(b. ca. 1440, Seligenstadt, d. 1494, Bruges)

Portrait of a Man with a Roman Coin

1480 or later
Oil on oak panel, 30 x 22 cm
Koninklijk Museum voor Schone Kunsten, Antwerp

Apart from the Portrait of a Man in Florence, this is the only Memling portrait in which the subject looks directly at the viewer. The two works share other features too: the buttoned-up black tunic without fur edging; the shirt folded over the collar; the short black bonnet worn over dark, curly hair; the composition of the landscape; and the serrated edges of the clouds in the sky. They have thus been compared repeatedly. The man holds a coin in his left hand, which persuaded earlier authors to identify him as a medallist. It was suggested that the sitter was Niccolò di Forzore Spinelli, who died in Lyons, where the painting was purchased in the early nineteenth century. Others believed him to be Giovanni de Candida, but an authenticated portrait of Candida does not resemble the sitter of this work. The different authors were, however, at least able to agree that he was an Italian, a fact supported, in their view, by his appearance and the solitary palm tree in the landscape. The tree and the coin might well have an emblematic function, but there is no reason to interpret the former as a symbol of the subject's nationality.

The coin has been identified as a sestertius, struck in Lyons under Emperor Nero. The coin and the palm tree were link with the possible name of the subject: Nero (Neri, del Nero, Nerone, de Niro, etc.) and Palma (Palmieri) are common Italian forenames and surnames. Pictograms were popular motifs at the time, especially in Italian humanist circles. A third element, comprises the laurel leaves that appear at the bottom, just above the edge, which the man might be holding in his concealed right hand. This is another commonly used emblem in Italy, where it appears in coats-of-arms or denotes a name (Lorenzo, Allori). It is entirely possible, therefore, that the man wished his full name (three parts, including his father's name) to be incorporated in the portrait after the Italian fashion.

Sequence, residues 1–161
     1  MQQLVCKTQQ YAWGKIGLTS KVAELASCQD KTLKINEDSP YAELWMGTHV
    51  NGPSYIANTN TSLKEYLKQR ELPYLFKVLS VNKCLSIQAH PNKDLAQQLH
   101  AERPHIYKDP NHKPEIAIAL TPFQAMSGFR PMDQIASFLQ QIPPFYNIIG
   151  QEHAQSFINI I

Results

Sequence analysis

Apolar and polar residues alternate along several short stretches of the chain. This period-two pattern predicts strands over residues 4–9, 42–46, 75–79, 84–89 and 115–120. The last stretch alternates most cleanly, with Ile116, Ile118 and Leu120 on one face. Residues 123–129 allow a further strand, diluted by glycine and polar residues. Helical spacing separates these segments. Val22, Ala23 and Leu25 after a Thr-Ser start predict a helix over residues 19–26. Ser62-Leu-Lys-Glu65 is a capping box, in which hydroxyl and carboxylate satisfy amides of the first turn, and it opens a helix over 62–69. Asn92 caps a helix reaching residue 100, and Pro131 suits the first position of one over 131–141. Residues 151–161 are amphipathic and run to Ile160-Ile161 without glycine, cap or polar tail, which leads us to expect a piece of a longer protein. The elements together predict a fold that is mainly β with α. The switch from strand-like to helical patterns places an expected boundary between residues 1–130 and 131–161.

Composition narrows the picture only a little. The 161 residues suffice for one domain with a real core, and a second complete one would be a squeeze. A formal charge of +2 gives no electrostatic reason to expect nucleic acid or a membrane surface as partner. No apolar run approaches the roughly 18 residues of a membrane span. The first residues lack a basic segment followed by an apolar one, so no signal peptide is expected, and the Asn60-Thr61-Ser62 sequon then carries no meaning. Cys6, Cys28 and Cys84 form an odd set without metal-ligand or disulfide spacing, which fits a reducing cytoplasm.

The work was originally identified as an Antonello da Messina, and even as his self-portrait. The portrait was first attributed to Memling in 1871, and it was maintained in the catalogue of the Hans Memling exhibition held in the Groeningemuseum, Bruges, in 1994. The present commentary is based on this catalogue edited by Dirk De Vos. The painting is usually dated to the very beginning of the artist's career. In view of the clothing and style, this portrait was certainly not painted before 1480.

However, at present the painting is displayed at the Koninklijk Museum voor Schone Kunsten, Antwerp as the portrait of Bernardo Bembo painted by Antonello da Messina in 1471-74.

© Web Gallery of Art, created by Emil Krén and Daniel Marx.